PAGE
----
01 Apr Packaged Self-Righteousness
My family is anticipating a move in the near future. Our house has been on the market for many months now and we are anxiously waiting for it to sell.
As we wait, I find myself constantly wanting to pack things up and move things out. Recently it hit me that, much like the actual packing that I plan to do, I am constantly in a spiritual state of packing up my heart, life, and mind for the big plans that I want God to jump on board with.
Over the last several months God has gently revealed to me a prideful and self-promoting area of my heart. I did not grow up in the typical Southern church family. As a teenager I was very insecure in my faith and felt alone because I didn’t understand church lingo. When I started to mature, I found great freedom in the fact that I was loved because I was a child of God and not because of my background, spiritual influences, or good behavior. Over time I became proud of the fact that I was not self-righteous. Self-righteousness was for those who grew up in church where things were right and wrong, and they leveraged themselves over those who made the “wrong” choices. That was not my background and I felt good about my understanding of God’s grace. I was proud to not be like them. Like those self-righteous people who love their religion more than their God.
“I was autonomous, but I failed to recognize it because I was making my own religious way.”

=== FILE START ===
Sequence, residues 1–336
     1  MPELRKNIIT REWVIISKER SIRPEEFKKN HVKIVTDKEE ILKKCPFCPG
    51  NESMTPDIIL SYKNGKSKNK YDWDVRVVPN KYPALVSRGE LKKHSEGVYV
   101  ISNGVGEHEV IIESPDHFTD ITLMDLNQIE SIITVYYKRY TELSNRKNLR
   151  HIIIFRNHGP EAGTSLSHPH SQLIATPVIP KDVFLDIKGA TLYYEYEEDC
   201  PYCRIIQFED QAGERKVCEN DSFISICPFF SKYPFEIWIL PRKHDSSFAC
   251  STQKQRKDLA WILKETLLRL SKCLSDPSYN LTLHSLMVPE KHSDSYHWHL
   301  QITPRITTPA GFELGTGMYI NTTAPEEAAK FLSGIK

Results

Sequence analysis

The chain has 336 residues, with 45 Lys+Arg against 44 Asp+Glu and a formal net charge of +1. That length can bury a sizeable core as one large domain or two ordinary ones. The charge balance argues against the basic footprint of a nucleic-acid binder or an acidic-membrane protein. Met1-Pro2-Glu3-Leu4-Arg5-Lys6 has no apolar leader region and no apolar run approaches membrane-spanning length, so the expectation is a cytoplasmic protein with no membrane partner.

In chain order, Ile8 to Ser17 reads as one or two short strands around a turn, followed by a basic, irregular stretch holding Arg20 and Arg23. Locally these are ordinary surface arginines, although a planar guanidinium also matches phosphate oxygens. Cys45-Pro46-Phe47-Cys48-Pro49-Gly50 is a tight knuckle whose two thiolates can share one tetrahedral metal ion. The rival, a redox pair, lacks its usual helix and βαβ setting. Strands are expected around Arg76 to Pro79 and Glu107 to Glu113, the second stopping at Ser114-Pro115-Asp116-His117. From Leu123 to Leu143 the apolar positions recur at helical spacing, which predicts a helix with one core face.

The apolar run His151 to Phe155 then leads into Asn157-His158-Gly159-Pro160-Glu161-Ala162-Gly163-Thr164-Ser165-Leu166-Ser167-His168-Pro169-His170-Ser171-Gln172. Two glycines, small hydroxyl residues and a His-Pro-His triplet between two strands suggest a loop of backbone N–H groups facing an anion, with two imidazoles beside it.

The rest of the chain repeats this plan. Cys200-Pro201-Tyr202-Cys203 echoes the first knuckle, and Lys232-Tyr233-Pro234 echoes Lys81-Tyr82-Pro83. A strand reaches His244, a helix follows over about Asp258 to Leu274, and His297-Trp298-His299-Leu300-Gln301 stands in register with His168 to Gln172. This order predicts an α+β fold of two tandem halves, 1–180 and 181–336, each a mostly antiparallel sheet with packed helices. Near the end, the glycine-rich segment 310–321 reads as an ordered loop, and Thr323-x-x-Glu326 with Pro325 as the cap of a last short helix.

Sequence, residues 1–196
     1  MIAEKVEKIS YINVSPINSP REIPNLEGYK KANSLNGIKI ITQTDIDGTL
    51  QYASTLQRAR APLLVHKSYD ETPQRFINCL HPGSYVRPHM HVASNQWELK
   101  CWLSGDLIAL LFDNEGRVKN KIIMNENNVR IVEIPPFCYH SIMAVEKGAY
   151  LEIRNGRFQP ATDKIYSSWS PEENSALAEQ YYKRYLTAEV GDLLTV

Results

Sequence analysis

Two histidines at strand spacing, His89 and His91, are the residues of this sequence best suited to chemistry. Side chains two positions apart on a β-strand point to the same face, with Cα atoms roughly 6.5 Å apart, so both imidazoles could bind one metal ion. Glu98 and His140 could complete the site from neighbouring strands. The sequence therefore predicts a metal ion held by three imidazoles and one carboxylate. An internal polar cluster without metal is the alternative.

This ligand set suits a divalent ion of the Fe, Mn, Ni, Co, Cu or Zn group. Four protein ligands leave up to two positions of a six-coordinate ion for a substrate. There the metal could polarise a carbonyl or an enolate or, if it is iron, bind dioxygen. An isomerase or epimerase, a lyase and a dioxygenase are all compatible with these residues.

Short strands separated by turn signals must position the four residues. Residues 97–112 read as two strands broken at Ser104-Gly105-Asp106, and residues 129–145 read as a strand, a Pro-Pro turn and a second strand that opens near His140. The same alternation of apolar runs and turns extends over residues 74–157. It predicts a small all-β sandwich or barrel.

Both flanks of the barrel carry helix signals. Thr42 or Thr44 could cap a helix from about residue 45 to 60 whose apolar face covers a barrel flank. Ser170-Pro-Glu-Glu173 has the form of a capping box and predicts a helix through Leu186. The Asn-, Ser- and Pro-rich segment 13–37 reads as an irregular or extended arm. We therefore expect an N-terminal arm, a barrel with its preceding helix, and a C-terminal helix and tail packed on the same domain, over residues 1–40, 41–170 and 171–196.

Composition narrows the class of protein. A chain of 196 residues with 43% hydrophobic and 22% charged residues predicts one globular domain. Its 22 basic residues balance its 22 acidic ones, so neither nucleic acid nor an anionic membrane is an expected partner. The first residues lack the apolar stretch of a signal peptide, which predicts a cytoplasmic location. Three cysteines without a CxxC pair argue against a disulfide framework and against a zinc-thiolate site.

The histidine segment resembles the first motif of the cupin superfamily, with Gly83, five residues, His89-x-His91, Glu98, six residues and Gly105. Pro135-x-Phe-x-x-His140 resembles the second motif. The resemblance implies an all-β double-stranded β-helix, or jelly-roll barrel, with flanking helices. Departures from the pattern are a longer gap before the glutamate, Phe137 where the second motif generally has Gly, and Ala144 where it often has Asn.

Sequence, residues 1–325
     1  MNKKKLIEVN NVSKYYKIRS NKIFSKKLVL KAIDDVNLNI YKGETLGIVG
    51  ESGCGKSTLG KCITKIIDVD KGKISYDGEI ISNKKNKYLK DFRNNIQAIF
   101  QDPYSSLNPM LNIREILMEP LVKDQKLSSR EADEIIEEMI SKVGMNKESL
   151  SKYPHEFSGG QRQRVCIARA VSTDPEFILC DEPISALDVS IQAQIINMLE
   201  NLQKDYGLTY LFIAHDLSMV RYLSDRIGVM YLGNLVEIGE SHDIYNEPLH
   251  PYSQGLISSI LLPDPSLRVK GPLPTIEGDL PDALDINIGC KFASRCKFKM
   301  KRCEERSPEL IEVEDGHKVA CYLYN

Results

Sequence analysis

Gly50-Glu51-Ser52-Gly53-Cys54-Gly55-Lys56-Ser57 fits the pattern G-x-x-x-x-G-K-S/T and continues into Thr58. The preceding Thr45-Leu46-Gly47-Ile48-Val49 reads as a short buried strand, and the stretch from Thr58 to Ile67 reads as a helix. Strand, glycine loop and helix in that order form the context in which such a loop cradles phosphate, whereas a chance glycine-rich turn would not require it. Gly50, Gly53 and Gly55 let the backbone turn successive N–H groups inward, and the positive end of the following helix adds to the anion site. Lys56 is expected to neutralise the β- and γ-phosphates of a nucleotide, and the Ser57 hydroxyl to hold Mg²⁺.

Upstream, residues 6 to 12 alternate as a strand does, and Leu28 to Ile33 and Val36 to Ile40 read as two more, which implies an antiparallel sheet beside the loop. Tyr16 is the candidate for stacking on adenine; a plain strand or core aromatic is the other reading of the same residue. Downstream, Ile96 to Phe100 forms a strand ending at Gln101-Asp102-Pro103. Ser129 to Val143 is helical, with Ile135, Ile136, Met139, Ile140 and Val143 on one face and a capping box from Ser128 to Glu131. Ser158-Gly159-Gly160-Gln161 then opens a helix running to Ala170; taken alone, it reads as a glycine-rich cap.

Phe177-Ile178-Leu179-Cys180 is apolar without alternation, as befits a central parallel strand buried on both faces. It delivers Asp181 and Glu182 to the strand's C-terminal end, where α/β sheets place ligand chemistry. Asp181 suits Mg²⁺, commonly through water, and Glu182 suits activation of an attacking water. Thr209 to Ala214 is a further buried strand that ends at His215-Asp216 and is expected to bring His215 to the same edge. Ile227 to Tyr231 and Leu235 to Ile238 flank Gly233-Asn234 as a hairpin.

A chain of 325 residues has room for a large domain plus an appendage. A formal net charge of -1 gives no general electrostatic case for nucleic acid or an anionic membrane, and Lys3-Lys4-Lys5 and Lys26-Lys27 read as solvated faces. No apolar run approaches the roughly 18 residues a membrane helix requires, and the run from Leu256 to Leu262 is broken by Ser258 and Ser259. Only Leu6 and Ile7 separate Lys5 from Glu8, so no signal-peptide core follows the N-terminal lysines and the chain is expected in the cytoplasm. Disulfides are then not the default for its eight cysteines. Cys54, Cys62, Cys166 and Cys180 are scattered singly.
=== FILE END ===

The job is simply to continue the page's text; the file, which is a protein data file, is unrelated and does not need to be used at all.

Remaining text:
And then one day it hit me—I’m actually just like them. My heart is just as prideful. I thought my story made me different, but I am actually guilty of the same thing– putting my religion before my God. Years of having to figure things out on my own in a spiritual sense developed a sense of pride in my ability to do things without the help of others. I was autonomous, but I failed to recognize it because I was making my own religious way. My religious way made me appear spiritual. It gave me the ability to do and say the right thing, which developed in me a sense of religious pride. I didn’t need the help of others, and I didn’t need the help of God. I could do good things, make big plans, and all I needed was God’s blessing when I was ready to go.
But what I thought I was doing for God, I was actually doing for myself. I delighted in the praise I received for doing a good job and not from serving the God who has rescued. My plans were, and are, plans for how I think God should use me. I would pack up those theoretical boxes and ask God to jump on board with my next great area of sacrifice where I would surely receive admiration for my generous heart. And when it didn’t happen the way I wanted it to, I would feel good about the trials I was enduring while I was I waiting for God to move forward with my plan.
Recognizing these ugly places in my heart has caused me to be ashamed of the love I have for myself. The beautiful thing in recognizing this sin though is that I now have a greater understanding of God’s grace – one that is extended to me. He opens his arms to my proud, self-promoting heart, and he calls me daughter. And now as I learn more about what it looks like to bear the image of God as an ezer, I can do it from a place of freedom.
So I continue to pack, only now I’m packing up my selfish goals and plans and spiritual ambitions and laying those at the feet of Jesus. Instead of choosing religious autonomy, I’m daily asking God to help me let go of my plans, my religion, and my need to be used, and cling instead to the grace and love that He gives, allowing it to overflow in my life.
– Natalie Patterson
Are their certain areas or aspects of your life you tend to self-promote? What do these behaviors imply about the condition of your heart?